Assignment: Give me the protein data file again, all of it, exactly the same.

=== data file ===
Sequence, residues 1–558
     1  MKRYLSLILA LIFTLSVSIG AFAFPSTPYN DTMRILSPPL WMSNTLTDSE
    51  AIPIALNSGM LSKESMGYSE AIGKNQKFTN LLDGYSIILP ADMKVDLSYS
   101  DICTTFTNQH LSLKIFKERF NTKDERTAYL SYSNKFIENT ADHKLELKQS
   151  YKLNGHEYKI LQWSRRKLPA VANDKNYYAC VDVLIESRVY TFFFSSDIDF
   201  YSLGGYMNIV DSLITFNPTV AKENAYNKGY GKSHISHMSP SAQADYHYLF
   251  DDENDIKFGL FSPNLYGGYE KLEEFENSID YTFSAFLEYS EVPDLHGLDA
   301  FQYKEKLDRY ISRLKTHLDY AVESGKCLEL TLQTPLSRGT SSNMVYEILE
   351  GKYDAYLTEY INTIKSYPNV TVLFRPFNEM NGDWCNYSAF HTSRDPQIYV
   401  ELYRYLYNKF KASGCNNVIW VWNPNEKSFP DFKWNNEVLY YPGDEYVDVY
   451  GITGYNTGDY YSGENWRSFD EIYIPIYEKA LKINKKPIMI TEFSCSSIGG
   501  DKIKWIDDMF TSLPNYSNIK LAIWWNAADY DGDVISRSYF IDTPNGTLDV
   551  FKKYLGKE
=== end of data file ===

Sequence, residues 1–558
     1  MKRYLSLILA LIFTLSVSIG AFAFPSTPYN DTMRILSPPL WMSNTLTDSE
    51  AIPIALNSGM LSKESMGYSE AIGKNQKFTN LLDGYSIILP ADMKVDLSYS
   101  DICTTFTNQH LSLKIFKERF NTKDERTAYL SYSNKFIENT ADHKLELKQS
   151  YKLNGHEYKI LQWSRRKLPA VANDKNYYAC VDVLIESRVY TFFFSSDIDF
   201  YSLGGYMNIV DSLITFNPTV AKENAYNKGY GKSHISHMSP SAQADYHYLF
   251  DDENDIKFGL FSPNLYGGYE KLEEFENSID YTFSAFLEYS EVPDLHGLDA
   301  FQYKEKLDRY ISRLKTHLDY AVESGKCLEL TLQTPLSRGT SSNMVYEILE
   351  GKYDAYLTEY INTIKSYPNV TVLFRPFNEM NGDWCNYSAF HTSRDPQIYV
   401  ELYRYLYNKF KASGCNNVIW VWNPNEKSFP DFKWNNEVLY YPGDEYVDVY
   451  GITGYNTGDY YSGENWRSFD EIYIPIYEKA LKINKKPIMI TEFSCSSIGG
   501  DKIKWIDDMF TSLPNYSNIK LAIWWNAADY DGDVISRSYF IDTPNGTLDV
   551  FKKYLGKE